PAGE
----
Earlier this month the House of Lords and House of Commons Joint Committee on the Online Safety Bill released a report detailing their discussions and areas of improvement, the ‘report’, available here.
The Online Safety Bill, the ‘draft Bill’, published in draft in May 2021, hopes to fundamentally shift much of the UK’s webspace in order to attempt to combat online harms such as misinformation, fraud and other such topics.
In this article, we discuss the immediate consequences service providers will likely face if the committee’s recommendations are adopted.
What services does the Bill apply to
The Bill applies to providers of search services or user-to-user services, ‘Service Providers’, where those services are:
- available to individuals in the UK; and
- the resulting content could reasonably be believed to provide a material risk of significant harm to those individuals.
Some specific exemptions are listed, but are otherwise outside the scope of this article.
Service provider requirements
Privacy by design should be a familiar phrase by now – the idea that the easiest way to protect personal data is by considering and accounting for it at the design phase of any project, website or service, to ensure appropriate protections are carried through to completion.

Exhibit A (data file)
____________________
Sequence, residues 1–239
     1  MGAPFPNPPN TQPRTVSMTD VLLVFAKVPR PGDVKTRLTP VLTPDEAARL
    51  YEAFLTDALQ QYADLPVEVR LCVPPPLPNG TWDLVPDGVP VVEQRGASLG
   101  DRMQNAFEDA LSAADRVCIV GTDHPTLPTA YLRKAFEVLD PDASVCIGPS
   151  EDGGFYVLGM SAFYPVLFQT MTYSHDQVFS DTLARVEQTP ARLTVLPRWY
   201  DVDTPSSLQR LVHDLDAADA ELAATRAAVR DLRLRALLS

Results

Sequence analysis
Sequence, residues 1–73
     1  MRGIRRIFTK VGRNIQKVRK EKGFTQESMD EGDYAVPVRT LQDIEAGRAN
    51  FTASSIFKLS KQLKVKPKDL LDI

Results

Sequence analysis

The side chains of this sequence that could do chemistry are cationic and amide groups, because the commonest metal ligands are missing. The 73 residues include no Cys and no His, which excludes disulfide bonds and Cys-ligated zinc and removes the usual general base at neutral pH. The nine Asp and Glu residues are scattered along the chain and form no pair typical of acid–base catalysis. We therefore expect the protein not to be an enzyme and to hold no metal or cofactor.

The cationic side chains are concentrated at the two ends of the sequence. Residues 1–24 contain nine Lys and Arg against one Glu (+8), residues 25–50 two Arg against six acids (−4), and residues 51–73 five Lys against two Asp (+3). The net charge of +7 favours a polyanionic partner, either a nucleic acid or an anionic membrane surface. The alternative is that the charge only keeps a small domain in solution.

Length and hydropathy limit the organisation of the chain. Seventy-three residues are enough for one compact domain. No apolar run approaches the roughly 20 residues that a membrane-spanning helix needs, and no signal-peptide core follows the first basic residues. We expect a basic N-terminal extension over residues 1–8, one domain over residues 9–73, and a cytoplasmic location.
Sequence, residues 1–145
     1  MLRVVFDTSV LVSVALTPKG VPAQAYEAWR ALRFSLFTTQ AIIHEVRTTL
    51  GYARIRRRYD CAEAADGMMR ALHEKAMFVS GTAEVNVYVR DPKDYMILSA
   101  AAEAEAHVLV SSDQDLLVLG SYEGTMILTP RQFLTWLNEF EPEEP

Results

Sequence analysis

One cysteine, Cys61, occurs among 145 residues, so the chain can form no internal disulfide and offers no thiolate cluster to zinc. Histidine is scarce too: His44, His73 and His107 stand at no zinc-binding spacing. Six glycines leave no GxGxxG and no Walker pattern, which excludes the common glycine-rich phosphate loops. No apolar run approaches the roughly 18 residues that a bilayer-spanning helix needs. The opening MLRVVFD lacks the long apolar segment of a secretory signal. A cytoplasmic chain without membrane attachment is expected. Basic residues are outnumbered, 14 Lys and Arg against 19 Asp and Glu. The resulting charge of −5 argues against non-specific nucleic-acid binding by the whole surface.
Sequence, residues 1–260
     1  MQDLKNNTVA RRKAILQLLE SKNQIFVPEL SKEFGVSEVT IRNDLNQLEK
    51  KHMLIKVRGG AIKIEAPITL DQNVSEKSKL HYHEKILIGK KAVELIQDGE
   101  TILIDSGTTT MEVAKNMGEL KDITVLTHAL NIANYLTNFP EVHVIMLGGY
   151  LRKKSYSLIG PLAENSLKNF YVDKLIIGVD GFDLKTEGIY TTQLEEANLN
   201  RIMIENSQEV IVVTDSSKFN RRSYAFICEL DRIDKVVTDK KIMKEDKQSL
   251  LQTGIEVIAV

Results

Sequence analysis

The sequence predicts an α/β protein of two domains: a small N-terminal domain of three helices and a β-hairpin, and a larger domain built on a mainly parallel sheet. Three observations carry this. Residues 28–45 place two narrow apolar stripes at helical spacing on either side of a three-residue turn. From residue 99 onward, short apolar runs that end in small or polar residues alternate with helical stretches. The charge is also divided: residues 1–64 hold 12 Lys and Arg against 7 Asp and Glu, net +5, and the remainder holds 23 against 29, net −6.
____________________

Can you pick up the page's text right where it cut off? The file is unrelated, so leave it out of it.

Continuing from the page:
The report suggests a similar change revolving around online harms. This would include for example increased friction, i.e. number of steps needed, to share posts on Facebook in order to slow the spread of misinformation through viral media posts. This change is mentioned in the report as potentially being as effective as the whole fact-checking ecosystem.
Other proposed design steps include avoiding auto-playing content unless opted-in, and taking measures to ensure algorithmic content recommendation does not funnel users into content ‘rabbit holes’.
The suggested measures would be included as minimums in a mandatory code of practice, and could in theory require a redesign of all affected services.
Pseudonymity, anonymity and account creation
Many services offer anonymous or pseudonymous accounts, where the user cannot be identified by either other users or by the service itself. The report indicates that such accounts lead to an increase in online abuse, and can hinder investigation of online activity. A number of requirements are proposed, including allowing users to set how they interact (or don’t) with anonymous/pseudonymous accounts, and making it more onerous to create new accounts to prevent use of disposable ‘troll’ accounts.
In addition, the report calls for the creation of a private-sector ID verification and compliance industry to allow services to adequately identify their users. The report does note that controls will be needed to protect users who may have legitimate reason to be concerned about disclosure of their identity, such as activists in repressive states, or LGBT users in jurisdictions where homosexuality may be illegal.
- Explain how content is promoted and recommended to users;
- Remind users of the type of activity and content that can be illegal online; and
Service providers who may potentially be affected by the Bill should pay careful attention to its development, and start considering what changes they may need to make, including both policy introduction and service redesign.